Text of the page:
Bridging The gap: Tuning The Chemistry To Make Functionally Relevant Graphene Oxide
Santa Clara Convention Center, CA, USA
12:00 - 12:20
William Blythe draws on its rich history of innovation within the chemical industry to develop functional materials, optimised for their end use. The ongoing research into graphene oxide derivatives at William Blythe is a key example of William Blythe's continued focus on the development of advanced materials. By working with customers, William Blythe is now developing a suite of capabilities to control both the physical and chemical properties of graphene oxide, with the end goal of developing application specific grades of graphene oxide.
Jennifer Peake is currently the Technical Manager at William Blythe, a wholly owned subsidiary of Synthomer. Her current role involves leading the R&D team and NPD programme, the team work on a breadth of materials to enable step-change technologies. Jennifer has experience across a range of R&D activities having spent a significant amount of time working on the commercialisation of graphene oxide for William Blythe and also establishing the current energy storage program running at the company.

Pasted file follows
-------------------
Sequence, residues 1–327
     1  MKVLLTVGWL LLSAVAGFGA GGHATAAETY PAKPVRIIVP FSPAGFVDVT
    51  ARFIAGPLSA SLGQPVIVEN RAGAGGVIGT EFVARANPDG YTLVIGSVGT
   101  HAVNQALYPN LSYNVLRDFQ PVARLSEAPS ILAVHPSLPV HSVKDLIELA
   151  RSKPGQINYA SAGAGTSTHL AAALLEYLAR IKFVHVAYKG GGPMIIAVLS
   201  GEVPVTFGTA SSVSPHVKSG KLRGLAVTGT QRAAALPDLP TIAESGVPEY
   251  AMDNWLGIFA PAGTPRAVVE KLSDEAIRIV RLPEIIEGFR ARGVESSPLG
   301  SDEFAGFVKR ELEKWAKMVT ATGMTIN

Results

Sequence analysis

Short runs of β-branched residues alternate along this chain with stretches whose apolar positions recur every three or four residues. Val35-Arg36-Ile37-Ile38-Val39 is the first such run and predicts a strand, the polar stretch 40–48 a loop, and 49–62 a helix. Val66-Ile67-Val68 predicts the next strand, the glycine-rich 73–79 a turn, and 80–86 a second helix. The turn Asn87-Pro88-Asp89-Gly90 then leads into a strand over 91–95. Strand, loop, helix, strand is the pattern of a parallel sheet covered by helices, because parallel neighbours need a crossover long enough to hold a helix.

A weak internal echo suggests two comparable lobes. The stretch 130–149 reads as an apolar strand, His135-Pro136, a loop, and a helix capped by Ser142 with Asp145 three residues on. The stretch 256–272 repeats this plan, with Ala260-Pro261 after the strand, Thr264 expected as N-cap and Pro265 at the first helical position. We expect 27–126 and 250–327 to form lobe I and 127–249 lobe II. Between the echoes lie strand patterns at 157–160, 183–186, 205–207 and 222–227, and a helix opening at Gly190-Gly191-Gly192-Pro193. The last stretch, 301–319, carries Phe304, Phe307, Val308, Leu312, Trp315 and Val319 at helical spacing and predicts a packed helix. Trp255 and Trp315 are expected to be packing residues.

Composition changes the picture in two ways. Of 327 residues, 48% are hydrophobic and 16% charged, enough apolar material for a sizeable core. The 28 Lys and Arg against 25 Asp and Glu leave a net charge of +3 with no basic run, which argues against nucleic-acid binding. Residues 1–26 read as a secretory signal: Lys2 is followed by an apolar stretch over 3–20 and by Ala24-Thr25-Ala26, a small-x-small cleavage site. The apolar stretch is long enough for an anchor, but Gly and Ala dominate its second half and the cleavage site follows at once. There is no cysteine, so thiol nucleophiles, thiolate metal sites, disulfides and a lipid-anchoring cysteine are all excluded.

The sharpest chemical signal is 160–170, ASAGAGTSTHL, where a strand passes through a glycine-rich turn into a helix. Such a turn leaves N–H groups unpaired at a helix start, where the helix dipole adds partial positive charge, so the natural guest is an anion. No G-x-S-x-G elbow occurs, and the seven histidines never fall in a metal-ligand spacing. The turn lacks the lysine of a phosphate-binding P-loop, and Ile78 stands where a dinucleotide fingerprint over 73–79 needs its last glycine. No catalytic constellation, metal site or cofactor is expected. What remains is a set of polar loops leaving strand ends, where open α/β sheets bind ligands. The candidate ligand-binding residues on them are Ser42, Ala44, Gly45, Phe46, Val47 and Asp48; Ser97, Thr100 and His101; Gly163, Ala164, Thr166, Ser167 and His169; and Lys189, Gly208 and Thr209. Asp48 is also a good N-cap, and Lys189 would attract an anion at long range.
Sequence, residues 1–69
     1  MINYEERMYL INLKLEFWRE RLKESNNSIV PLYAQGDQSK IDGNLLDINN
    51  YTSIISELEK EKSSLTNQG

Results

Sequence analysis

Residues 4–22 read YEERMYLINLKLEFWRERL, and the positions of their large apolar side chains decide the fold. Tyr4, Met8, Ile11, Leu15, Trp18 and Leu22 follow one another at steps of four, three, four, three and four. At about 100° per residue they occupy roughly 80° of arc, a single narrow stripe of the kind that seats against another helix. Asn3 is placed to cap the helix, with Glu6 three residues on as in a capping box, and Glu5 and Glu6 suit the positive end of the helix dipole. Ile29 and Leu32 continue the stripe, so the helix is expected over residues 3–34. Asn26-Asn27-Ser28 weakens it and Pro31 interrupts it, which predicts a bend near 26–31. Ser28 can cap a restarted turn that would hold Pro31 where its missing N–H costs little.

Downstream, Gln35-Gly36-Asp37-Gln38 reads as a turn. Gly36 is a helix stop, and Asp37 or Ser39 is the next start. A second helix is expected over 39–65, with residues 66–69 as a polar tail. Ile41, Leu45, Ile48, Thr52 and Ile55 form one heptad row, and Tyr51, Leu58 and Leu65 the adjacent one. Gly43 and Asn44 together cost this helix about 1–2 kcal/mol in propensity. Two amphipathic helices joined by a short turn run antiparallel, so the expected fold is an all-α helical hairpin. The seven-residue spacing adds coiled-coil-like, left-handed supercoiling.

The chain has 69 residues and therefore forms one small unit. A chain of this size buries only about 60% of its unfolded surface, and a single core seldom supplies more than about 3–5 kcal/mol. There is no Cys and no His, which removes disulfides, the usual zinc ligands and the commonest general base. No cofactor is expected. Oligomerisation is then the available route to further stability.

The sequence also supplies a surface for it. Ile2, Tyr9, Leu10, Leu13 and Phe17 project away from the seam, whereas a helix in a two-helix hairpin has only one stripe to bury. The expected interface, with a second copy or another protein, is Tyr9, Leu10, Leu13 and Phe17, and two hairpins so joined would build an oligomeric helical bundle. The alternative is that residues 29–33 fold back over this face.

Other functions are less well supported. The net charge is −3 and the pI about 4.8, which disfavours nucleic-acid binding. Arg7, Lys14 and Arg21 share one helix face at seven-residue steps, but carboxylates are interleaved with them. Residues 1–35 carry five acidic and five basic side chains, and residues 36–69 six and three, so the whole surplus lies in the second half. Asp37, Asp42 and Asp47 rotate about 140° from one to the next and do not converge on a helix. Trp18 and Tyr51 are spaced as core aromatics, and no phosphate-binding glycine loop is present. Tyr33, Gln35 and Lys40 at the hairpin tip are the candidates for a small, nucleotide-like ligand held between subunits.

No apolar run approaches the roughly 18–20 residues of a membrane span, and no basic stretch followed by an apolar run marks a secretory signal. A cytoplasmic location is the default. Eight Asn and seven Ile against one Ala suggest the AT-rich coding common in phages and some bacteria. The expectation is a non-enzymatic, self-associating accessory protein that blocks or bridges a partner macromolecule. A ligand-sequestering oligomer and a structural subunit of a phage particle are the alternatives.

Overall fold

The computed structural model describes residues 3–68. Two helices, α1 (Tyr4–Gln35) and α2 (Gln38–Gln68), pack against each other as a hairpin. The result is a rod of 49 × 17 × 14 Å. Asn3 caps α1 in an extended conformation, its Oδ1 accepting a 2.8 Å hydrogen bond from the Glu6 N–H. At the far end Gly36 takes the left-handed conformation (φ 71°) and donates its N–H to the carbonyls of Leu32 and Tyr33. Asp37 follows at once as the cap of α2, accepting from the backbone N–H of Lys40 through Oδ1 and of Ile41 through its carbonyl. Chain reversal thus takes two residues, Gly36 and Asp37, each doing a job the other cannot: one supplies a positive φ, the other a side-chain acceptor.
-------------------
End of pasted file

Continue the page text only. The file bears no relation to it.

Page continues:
William Blythe was founded in 1845, supplying inorganic dyes to the local textile industry in Northern England. Over the past 170 years, William Blythe has kept innovation in inorganic chemistry at its core, leading to several evolutions of the business. The current product portfolio is supplied around the world and includes functional materials, which are tailored for their application by controlling both the chemical and physical properties of the products. William Blythe run an extensive R&D programme, with new products including doped metal oxides and graphene oxide launched in the past year. Jennifer Peake works as part of the R&D team at William Blythe, with a strong focus on the ongoing graphene oxide research programme. Ken Cardillo manages William Blythe's regional business in the Americas across all product chemistries including the commercialization of graphene oxide.